The wider national executive has included many dance luminaries over the years too—Lee Christofis, Paul Summers, Annie Greig, Valda Craig, Keith Bain, Lynn Fisher, Claudia Alessi and Marilyn Miller to name a few. I’ve also been very fortunate to have worked with two co-executive officers in Hilary Trotter and Sandra Macarthur-Onslow, and the wonderful current team of Rachael Jennings, Leanne Craig and Tamara McKee. I’ve learnt so much from each of them, and couldn’t have stayed for so long in one organisation without their vision and inspiration.

Our work in dance education has been widely acknowledged, but it couldn’t have been such a success without two particularly inspirational partners in our campaigns—Ralph Buck and Jeff Meiners. They have led, guided and educated me about the intricacies of the curriculum, and are always available for advice from their local, national and international perspectives.

And the dance education journey wouldn’t have started for me without Shirley McKechnie and the late Robert Osmotherly. Lesley Graham, Katrina Rank and our great Tertiary Dance Council colleagues Nanette Hassall, Kim Vincs, Cheryl Stock, Maggi Phillips and Jenny Kinder have also been great dance educators and partners in our successes.

The Ausdance network has been absolutely vital in the success of this organisation. Over the years we have shared in their successes, helped manage them through crises and partnered with them to deliver major national initiatives that have required their cooperation and support. Their commitment and dedication shines through as they work with few resources and little pay to support their local dance communities. This is a national network to be extremely proud of, and it’s always a joy to come together with them twice a year to share plans, achievements and challenges.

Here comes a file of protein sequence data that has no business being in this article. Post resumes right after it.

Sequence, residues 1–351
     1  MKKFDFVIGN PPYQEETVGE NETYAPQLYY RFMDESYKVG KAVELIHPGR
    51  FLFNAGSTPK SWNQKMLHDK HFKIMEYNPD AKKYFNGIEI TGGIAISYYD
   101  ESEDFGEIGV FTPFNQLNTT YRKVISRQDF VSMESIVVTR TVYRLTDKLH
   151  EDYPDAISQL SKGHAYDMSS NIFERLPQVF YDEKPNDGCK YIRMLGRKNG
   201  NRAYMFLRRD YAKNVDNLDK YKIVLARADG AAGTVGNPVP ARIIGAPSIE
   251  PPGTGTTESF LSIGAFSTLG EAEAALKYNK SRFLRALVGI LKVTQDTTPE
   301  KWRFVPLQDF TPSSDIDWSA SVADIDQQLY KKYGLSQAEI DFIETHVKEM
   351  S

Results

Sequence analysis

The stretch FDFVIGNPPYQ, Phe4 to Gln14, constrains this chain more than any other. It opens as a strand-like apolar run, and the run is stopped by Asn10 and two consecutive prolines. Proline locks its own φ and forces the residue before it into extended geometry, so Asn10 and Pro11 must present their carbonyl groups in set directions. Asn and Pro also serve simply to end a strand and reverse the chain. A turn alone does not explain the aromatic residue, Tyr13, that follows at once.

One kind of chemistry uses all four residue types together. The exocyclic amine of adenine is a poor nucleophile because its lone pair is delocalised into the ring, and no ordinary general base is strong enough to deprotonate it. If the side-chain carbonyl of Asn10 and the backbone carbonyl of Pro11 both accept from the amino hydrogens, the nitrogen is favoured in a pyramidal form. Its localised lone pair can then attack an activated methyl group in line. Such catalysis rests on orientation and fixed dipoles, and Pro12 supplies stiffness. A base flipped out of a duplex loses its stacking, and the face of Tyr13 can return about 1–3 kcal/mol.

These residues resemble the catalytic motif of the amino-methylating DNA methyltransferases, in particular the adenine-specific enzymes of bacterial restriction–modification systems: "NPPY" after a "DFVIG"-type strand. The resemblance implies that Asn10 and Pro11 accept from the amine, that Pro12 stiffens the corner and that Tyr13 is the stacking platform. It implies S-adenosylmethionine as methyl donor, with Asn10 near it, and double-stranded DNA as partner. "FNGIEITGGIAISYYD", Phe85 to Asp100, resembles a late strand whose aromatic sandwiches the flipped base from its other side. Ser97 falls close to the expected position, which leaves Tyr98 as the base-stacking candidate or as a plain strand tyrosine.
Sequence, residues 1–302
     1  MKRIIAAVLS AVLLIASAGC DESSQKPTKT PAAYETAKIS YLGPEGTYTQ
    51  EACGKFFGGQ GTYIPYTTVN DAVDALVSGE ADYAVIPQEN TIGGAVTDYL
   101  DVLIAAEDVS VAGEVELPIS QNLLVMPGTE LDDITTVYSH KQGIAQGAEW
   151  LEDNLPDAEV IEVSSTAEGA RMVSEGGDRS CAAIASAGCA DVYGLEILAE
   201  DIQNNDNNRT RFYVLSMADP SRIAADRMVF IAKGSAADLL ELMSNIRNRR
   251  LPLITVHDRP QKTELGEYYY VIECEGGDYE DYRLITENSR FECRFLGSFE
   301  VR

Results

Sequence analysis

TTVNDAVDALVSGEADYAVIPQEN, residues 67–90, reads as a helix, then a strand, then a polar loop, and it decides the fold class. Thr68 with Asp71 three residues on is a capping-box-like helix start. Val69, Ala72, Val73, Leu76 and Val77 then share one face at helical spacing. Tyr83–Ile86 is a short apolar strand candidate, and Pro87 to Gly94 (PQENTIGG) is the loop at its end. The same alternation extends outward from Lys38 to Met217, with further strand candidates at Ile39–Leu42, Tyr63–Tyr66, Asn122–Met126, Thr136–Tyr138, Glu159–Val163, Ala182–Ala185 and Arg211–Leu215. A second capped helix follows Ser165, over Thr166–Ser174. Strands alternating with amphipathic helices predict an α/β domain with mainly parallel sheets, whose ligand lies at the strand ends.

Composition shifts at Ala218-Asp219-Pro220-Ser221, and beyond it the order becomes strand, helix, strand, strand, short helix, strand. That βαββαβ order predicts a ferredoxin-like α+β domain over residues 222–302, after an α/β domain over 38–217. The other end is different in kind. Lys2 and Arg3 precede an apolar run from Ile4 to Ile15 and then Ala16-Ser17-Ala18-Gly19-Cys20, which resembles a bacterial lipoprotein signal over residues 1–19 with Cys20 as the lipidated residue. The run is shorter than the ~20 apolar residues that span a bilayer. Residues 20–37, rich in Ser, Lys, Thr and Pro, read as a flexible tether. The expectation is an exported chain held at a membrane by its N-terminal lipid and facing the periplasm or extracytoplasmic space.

I also want to thank three standout partners—the Australia Council, the National Library of Australia (NLA) and Aon. A succession of Dance Board directors–Kathryn Lowe, Catherine Beall (Baldwin), Madeline Martin, Rosalind Richards, Jen McLachlan and Carin Mistry—have all supported and encouraged our work through creative partnerships, dialogue and funding.

Dance has also benefited enormously from our work with the NLA, and deputy director Margy Burn in particular has been an inspiration, as have the two curators of dance since the 1990s, Michelle Potter and Lee Christofis. And the Aon team has been with us since 1992, a record partnership for them and for us that has served the Australian dance community so well.

Guests at the party on 29 November (l to r): Robyn Archer, Julie Dyson, Larry Ruffell, Meryl Tankard, Julie Dyson, Regis Lansac & Irene Lind.

Finally, a huge thank you to all those who came to Melbourne and Canberra for farewells and brought presents, made speeches and helped me to celebrate so many years in dance.

(l to r): Annalouise Paul, Marilyn Miller, Julie Dyson, Jeff Meiners, Michelle Silby, Carin Mistry, Ruth Osborne & Gary Barnes.

I’ll be writing individually to you all, but this is a public acknowlegement of your wonderful support, generosity, humour and deep knowledge of, and commitment to dance.

I’ll continue working in our sector as a volunteer through the World Dance Alliance, the NAAE, the National Dance Forum and the Australian Dance Awards, and look forward to continuing my friendship with all our members.

In the meantime, Roslyn Dundas will take the reins on 14 January, and I wish her and our team every success in the coming years.

Read articles from Dance Australia and the Canberra Times Panorama magazine.